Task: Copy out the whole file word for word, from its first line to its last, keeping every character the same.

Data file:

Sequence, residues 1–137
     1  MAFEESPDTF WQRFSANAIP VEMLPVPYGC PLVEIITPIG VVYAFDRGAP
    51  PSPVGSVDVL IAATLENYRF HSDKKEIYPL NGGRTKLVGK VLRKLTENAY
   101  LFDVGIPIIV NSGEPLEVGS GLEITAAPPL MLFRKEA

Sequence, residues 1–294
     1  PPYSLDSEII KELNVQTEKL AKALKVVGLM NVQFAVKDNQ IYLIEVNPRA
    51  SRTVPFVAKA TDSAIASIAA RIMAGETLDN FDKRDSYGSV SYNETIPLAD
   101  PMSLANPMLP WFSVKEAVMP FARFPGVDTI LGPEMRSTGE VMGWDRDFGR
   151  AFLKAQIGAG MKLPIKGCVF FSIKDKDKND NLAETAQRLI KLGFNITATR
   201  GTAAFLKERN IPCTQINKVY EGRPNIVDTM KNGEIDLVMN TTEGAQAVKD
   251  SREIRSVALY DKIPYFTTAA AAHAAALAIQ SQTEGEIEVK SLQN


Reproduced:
Sequence, residues 1–137
     1  MAFEESPDTF WQRFSANAIP VEMLPVPYGC PLVEIITPIG VVYAFDRGAP
    51  PSPVGSVDVL IAATLENYRF HSDKKEIYPL NGGRTKLVGK VLRKLTENAY
   101  LFDVGIPIIV NSGEPLEVGS GLEITAAPPL MLFRKEA

Sequence, residues 1–294
     1  PPYSLDSEII KELNVQTEKL AKALKVVGLM NVQFAVKDNQ IYLIEVNPRA
    51  SRTVPFVAKA TDSAIASIAA RIMAGETLDN FDKRDSYGSV SYNETIPLAD
   101  PMSLANPMLP WFSVKEAVMP FARFPGVDTI LGPEMRSTGE VMGWDRDFGR
   151  AFLKAQIGAG MKLPIKGCVF FSIKDKDKND NLAETAQRLI KLGFNITATR
   201  GTAAFLKERN IPCTQINKVY EGRPNIVDTM KNGEIDLVMN TTEGAQAVKD
   251  SREIRSVALY DKIPYFTTAA AAHAAALAIQ SQTEGEIEVK SLQN